Browse > Home / Labour, Liberal Democrats, UK Politics / Student enrolment – a challenge to Will Straw

| Subcribe via RSS

Student enrolment – a challenge to Will Straw

November 3rd, 2010 Posted in Labour, Liberal Democrats, UK Politics by

“Evidence-based” top Labour blog Left Foot Forward makes an extraordinary and alarming claim this morning that hikes in tuition fees will “deter four in five students” from enrolling at university. More specifically that hikes to £10k a year will deter 79%, £7k 70%, and £5k 53%.

This is based on one survey by the National Union of Students and HSBC, released in September that asked current students:

“If tuition fees were increased to XXXX, how likely would this be to have deterred you from going to university?”

Yielding the following results:


The validity of such an approach to testing price sensitivity, and utility of the results are highly dubious for a number of reasons.

  • It’s the wrong audience. Fee increases will impact future not current students. The respondents will never have to make the choice.
  • The question does not make it clear fees are paid in arrears or the various caps and protections for low income earners. Paying £10k today is a very different prospect to paying it over 30 years, or not at all.
  • The word “Deter” is ambiguous, meaning anything from ‘I would not have gone to university’ to ‘I’d have thought harder before going*’.
  • Which degree has a £10k price tag matters, as does whether you’re going to choose that degree yourself. The price-sensitivity of a potential medic to medicine is clearly very different to the price sensitivity of a future historian to engineering. In this survey students who’d never consider a high fee degree are commenting on their tolerance for high fee degrees.
  • Since such political questions from a political lobby could influence whether or how high fees will rise, answers can be biased towards influencing the outcome. It’s rather like asking whether people would like to pay more for their current TV licence for no benefit.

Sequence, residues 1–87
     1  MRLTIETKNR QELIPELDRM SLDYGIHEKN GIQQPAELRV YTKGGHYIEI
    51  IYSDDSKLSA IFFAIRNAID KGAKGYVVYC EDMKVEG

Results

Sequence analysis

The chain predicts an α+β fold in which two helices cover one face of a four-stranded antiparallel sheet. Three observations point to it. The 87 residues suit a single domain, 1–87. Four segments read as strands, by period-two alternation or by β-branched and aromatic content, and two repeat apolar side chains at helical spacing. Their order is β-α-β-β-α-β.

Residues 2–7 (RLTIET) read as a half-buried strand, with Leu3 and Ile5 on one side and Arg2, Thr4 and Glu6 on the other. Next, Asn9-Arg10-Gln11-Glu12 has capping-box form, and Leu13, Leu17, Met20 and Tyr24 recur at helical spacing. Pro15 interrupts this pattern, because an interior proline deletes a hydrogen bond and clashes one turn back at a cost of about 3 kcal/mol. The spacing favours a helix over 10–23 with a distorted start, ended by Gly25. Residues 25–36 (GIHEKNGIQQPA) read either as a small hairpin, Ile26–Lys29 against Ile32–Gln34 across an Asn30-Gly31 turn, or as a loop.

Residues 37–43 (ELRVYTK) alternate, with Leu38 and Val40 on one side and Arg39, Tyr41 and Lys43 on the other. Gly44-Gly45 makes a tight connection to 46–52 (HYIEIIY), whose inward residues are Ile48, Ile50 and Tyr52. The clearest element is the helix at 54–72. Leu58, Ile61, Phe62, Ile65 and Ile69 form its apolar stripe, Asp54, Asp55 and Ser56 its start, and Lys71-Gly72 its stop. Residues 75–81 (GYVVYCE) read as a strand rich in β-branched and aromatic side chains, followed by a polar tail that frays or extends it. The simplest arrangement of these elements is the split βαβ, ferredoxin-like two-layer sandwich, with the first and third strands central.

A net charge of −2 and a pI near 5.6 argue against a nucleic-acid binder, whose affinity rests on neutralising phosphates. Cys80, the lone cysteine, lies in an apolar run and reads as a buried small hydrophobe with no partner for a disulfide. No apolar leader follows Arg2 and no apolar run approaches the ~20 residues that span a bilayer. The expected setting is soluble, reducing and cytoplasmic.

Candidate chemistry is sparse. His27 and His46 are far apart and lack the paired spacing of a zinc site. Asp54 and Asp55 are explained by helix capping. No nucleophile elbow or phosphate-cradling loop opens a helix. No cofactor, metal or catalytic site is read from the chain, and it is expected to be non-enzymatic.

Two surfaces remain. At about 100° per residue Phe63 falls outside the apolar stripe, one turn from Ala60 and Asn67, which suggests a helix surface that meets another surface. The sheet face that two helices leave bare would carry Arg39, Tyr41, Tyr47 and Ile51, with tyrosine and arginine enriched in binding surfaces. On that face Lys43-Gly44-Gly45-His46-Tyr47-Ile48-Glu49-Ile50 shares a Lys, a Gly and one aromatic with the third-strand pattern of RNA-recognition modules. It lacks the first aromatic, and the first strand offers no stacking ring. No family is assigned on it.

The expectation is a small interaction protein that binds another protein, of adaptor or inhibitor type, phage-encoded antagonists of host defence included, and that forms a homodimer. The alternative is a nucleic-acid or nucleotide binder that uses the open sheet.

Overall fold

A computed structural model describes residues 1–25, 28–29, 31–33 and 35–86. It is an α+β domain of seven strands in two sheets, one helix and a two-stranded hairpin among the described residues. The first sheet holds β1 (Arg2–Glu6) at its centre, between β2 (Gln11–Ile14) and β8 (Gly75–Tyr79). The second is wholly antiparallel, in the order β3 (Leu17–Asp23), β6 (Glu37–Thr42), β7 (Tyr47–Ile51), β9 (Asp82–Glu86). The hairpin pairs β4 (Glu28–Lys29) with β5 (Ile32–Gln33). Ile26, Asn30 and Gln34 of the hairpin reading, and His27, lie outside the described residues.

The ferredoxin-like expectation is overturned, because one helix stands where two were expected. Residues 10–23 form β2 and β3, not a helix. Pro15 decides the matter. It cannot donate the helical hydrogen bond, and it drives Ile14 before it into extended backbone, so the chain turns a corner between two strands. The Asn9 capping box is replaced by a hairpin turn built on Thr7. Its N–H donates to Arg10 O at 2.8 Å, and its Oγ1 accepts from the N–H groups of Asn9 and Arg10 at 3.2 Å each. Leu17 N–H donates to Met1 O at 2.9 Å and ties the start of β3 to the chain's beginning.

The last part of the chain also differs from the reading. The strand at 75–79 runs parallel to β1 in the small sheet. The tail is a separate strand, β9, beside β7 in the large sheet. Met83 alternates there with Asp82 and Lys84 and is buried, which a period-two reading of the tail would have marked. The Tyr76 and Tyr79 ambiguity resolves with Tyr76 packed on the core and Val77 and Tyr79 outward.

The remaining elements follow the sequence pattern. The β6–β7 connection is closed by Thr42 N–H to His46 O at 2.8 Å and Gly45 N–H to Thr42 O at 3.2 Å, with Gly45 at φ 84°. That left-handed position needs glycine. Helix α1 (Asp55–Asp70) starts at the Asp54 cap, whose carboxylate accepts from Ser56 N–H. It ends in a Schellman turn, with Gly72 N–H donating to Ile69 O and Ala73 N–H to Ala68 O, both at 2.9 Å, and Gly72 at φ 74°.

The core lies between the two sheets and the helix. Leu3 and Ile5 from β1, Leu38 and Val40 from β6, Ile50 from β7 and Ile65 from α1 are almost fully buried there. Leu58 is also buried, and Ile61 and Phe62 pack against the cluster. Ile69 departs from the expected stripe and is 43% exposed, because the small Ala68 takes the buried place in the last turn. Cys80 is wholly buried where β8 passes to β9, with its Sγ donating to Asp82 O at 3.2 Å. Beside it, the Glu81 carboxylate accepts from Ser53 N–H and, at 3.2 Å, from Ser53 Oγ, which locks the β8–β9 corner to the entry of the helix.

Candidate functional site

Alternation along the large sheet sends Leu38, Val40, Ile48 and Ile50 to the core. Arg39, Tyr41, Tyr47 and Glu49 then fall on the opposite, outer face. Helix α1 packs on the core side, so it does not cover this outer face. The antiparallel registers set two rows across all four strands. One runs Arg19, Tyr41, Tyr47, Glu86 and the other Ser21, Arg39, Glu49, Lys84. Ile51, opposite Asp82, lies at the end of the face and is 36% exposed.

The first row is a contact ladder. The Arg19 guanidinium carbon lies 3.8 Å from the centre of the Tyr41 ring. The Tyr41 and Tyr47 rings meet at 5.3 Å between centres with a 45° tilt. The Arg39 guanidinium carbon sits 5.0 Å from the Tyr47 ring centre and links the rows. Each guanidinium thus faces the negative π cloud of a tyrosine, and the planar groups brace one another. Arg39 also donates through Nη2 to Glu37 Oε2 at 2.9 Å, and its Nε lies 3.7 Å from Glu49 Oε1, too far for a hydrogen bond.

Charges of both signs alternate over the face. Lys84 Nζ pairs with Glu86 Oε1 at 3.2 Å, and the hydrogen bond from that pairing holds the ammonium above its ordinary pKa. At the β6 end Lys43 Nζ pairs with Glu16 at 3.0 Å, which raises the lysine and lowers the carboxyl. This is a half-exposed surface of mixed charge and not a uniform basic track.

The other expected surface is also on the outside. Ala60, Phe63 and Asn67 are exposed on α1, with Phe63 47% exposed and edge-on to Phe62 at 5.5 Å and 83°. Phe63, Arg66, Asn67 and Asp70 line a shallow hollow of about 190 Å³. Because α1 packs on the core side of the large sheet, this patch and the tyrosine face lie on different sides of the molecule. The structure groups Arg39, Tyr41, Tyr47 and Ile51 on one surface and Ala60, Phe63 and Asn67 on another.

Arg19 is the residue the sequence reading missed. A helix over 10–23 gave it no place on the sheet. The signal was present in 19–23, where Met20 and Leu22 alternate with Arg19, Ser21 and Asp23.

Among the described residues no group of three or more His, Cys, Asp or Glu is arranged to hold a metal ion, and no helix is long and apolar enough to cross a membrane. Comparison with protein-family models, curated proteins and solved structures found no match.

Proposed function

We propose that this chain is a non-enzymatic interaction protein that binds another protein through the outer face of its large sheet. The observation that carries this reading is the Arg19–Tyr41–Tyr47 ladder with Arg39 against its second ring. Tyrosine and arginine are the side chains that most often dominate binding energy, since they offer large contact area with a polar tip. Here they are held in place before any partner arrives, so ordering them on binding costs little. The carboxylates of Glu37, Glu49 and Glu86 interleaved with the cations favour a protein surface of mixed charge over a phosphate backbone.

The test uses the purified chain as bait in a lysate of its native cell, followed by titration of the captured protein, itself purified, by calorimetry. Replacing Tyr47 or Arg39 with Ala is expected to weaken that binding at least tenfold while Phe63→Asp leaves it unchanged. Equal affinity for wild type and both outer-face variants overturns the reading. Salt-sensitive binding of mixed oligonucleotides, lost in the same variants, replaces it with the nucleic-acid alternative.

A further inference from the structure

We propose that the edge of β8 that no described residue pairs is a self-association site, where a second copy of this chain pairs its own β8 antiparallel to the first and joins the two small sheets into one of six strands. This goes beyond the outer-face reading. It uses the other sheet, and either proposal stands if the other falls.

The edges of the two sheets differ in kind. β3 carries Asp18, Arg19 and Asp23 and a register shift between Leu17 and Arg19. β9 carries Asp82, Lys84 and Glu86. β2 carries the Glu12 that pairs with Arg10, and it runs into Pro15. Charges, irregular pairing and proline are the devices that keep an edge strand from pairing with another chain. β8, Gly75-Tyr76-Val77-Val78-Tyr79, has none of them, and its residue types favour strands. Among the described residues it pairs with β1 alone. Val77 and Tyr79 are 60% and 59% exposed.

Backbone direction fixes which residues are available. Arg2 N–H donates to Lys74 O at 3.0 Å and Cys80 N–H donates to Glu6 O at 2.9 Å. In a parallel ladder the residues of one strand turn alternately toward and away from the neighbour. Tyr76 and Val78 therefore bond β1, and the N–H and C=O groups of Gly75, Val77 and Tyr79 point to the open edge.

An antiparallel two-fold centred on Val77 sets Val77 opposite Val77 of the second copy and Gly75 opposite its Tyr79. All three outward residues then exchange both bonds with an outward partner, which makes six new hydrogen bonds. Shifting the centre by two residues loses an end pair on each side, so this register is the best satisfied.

• Price testing by survey is best done by forcing simulated choices and seeing how people choose. In this case the real choice would be to ask the question of current sixth formers what degrees they are considering and where; then offering them the choice between doing that degree at that institution and accumulating the related debt, not going to university, or choosing a different cheaper degree elsewhere. This would be asked after educating the survey-taker about how fees are repaid. That might give a more realistic assessment of potential student price tolerance.

Personally I would have put the NUS’s claim in quotes.**

But, if Will Straw believes it is at all probable that student enrolment will fall by over half with any fees above £5,000 or the even more extreme drops on higher fees then Liberal Vision is prepared to stake that claim.

If the changes go through we will see a number of courses raise fees. It should then be possible in most cases to measure enrolment before and after for all courses at £5k+, £7k+, and £10k+.

We are fully confident the average enrolments across those courses will not drop by half (the lowest estimate). We’re putting up £100 at evens on each of those levels.

Will you take that bet Mr. Straw?

*One interesting factoid in the NUS survey is that only 30% of current students support their education by working.  There’s quite a lot of room then for many to improve their finances, employability, and ability to pay back fees later, regardless of fee levels.

**LFF have now updated their headline to reflect this, as Will notes in his response.

3 Responses to “Student enrolment – a challenge to Will Straw”

  1. Jack Hughes Says:

    Why do politicians of al stripes see university mainly as a testbed for social engineering?

  2. Tommy Judd Says:

    Your last asterisked point on working is important; perhaps demand for cocaine and ketamine will also ease off on campuses too as fees rise.

    Better questions for the survey would have been:
    – would a higher deferred fee make you think more carefully about where and what you will study and whether it’s worth studying at all?
    – would an even higher deferred fee deter you from following Will Straw’s footsteps to Oxford when a cheaper and perhaps more appropriate course was on offer elsewhere? Or is the additional cost worth it for the historical resonance, lifestyle and networking Oxbridge can bring (read ‘The Fry Chronicles’ and attempt to monetise those extraordinary benefits in kind)?
    – if you saw conclusive evidence that the existing and previous student-finance schemes effectively transfered wealth from the poor to the already privileged, would you open your mind to the new proposals?
    – would you support in principle a mechanism whereby richer, privileged universities with strong international reputations had the means and incentives to provide substantial bursaries to the clever poor?

  3. Will Straw Says:

    Thanks for this. I’ve replied on Left Foot Forward and amended the headline as you suggest since we were reporting the findings of the research rather than endorsing them.

    All the best,